Deep Dishonesty

It is inconceivable that The Post, of all papers, would agree to publish Robert D. Novak's June 2 column questioning Mark Felt's motives in playing the part of Deep Throat.

Novak was himself the recipient of a government leak regarding Valerie Plame's identity as a CIA operative, the motive for which cannot be described as anything but malicious and perhaps illegal. Novak then showed no compunction about passing the leak on in print.

As a result of his refusal to disclose the source of that possibly illegal leak, two other reporters are now facing jail time. Did anyone run that one by Bob Woodward?

-- Paul Sweeting


Camp Who Knows Where

Perhaps "the outcome of the case is unclear" ["Boys Allege Abuse at D.C.-Run Camp," Metro, May 30] because the location is unclear. The Post describes the location of Camp Riverview first as "at the southernmost tip of Maryland," which is in Somerset County, and then as a place on the other side of the Chesapeake Bay, namely Scotland, in St. Mary's County.

-- Donald L. Weinberg

Oxon Hill

Green vs. Mean

I was stunned by James Watt's May 21 op-ed column, "The Religious Left's Lies." The religious left is trying to divide people of faith by defending the (gasp) environment?

I congratulate Watt for acknowledging that there are, in fact, liberals who are religious. But it's ironic that he says they are responsible for divisiveness and that they "claim a moral superiority to other people of faith." Some of the galvanizing issues for the religious right are legislating intolerance of gay people and teaching creationism to the exclusion of science; dissent is dismissed altogether. In that light, protecting the environment does not seem to be in the same category of religious polarization.

-- Kathleen Stack


Don't Blame Moms

The subtle contempt for ambitious working mothers -- some are "anxious at the prospect of baby chaos messing up their carefully structured careers" -- that permeates "What the Nanny Saw" [Style, May 22] makes me want to scream.

Why do this article and so many like it still accept as implicit that for "good parents," a baby's arrival automatically means the disruption or end of the mother's career? Why is it still assumed that the father's "carefully structured career" continues without missing a beat?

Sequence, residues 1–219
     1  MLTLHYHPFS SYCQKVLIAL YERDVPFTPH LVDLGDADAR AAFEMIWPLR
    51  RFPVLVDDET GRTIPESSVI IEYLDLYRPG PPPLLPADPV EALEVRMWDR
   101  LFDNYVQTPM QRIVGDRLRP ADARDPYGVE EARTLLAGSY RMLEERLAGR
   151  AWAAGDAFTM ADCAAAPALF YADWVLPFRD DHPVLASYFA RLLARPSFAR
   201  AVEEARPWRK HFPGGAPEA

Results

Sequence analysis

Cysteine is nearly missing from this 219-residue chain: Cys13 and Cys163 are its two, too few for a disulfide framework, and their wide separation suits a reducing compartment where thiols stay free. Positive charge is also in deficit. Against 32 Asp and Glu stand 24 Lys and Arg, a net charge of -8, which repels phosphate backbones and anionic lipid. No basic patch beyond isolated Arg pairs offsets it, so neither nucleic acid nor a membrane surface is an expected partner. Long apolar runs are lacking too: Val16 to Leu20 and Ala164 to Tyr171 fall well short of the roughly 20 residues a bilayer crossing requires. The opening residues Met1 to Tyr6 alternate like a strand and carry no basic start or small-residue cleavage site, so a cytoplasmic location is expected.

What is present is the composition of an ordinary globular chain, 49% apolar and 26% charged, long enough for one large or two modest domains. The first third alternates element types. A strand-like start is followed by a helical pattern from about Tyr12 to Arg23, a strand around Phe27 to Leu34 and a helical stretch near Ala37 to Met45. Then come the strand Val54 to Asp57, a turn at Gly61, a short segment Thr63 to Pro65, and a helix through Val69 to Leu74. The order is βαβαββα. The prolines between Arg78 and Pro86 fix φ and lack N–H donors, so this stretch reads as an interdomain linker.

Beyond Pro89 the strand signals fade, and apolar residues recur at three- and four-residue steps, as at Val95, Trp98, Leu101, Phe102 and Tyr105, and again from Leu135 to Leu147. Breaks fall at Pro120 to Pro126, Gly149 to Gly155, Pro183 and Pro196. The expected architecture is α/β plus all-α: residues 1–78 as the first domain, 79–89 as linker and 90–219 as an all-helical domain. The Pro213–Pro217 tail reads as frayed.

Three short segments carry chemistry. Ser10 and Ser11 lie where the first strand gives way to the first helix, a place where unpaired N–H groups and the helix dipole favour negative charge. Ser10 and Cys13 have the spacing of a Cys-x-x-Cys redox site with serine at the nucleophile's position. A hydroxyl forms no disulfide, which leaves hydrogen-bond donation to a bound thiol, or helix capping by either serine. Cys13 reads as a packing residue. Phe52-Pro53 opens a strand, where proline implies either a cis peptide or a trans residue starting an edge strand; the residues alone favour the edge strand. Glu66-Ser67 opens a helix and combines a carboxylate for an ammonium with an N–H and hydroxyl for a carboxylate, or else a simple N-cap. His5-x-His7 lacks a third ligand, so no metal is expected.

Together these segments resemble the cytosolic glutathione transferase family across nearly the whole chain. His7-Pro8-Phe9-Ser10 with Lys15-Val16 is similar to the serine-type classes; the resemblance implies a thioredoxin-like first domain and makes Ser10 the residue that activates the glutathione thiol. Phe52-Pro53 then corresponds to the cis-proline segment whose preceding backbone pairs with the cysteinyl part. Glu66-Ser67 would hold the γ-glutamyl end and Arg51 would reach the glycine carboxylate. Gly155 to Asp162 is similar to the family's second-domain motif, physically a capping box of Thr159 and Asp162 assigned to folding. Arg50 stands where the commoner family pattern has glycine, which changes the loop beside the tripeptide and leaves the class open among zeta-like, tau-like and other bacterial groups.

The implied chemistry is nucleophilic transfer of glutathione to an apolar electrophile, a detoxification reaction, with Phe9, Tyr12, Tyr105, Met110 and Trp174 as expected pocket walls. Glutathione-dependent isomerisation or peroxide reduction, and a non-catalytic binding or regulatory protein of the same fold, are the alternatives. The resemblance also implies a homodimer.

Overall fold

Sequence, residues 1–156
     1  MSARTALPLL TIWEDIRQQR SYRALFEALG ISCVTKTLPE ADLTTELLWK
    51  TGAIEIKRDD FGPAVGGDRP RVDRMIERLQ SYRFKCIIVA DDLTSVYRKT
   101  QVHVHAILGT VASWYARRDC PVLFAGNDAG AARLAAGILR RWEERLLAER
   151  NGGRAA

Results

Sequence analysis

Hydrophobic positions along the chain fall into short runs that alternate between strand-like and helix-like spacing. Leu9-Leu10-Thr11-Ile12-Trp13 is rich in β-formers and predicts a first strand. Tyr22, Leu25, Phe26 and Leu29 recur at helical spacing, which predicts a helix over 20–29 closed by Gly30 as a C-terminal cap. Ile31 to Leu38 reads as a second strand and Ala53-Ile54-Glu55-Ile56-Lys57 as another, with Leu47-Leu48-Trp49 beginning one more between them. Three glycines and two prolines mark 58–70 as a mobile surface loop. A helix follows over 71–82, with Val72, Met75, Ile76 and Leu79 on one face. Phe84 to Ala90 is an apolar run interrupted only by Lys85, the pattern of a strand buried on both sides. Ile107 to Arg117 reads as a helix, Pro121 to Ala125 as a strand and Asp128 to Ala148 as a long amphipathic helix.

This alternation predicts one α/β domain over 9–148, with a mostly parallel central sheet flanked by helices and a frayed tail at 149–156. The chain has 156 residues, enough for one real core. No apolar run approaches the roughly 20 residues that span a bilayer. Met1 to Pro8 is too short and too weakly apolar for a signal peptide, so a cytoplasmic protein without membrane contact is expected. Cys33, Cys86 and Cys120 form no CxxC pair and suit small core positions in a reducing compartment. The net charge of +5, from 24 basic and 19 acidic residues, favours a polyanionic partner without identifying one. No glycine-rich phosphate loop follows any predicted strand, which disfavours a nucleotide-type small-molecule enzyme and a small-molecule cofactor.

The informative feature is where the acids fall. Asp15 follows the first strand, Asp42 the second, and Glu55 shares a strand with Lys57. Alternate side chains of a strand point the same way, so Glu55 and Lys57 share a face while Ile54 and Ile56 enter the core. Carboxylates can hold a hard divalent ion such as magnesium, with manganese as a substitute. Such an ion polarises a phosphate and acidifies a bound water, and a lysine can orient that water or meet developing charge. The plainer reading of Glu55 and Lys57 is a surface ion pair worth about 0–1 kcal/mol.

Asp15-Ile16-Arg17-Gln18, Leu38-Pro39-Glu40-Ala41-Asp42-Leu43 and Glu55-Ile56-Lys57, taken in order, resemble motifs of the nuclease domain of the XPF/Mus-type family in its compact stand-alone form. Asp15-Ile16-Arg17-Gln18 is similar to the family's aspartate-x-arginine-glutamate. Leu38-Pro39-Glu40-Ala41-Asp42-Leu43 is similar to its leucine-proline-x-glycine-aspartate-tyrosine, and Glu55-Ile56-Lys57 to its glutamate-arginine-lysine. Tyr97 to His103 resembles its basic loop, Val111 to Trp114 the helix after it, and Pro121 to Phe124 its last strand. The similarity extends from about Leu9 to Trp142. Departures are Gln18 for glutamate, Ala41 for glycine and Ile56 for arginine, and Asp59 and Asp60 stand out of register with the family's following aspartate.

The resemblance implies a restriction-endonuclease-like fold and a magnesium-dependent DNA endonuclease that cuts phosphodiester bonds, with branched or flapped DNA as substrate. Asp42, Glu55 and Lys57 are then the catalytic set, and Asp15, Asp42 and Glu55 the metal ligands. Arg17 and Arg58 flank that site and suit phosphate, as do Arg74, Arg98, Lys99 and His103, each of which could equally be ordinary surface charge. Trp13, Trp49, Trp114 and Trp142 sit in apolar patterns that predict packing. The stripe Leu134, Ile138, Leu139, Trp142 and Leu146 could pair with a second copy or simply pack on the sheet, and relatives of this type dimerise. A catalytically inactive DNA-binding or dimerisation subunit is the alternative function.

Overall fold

Obviously, much of the behavior that Ann Gerhart and interviewee Barbara Kline describe is worthy of their criticism. But they are wrong to imply that the blame lies solely with the mothers.

-- Caroline Lewis


Marines Are Soldiers, Too

Regarding Robert F. Foster's May 21 Free for All letter about whether a Marine is properly called a "soldier": A common definition of "marine" is "one of a class of soldiers serving on shipboard or in close association with a naval force." In fact, the original term was "marine soldier" (used by Melville in "Billy Budd"), of which "marine" is just a contraction.

-- Arthur G. Sapper

Silver Spring

Chiming In on Big Ben

The Post [World in Brief, May 29] described Big Ben as "the landmark London clock."

But "Big Ben" is the name of the largest bell in the clock tower of the Houses of Parliament; it is not the name of the clock itself.

-- Jol Silversmith


Brotherhood of Peace?

"Why suppress a peaceful Islamic movement?" asks Jackson Diehl ["Egypt's Chance to Lead," op-ed, May 23]. Diehl says Egypt's Muslim Brotherhood has "explicitly renounced violence." In the same column, he notes that the Brotherhood "opposes peace with Israel, supports the Iraqi insurgency, and believes Muslims should be ruled by sharia, or religious law" -- which prescribes stonings for adulterers. Doesn't sound nonviolent to me.

-- Gary Parker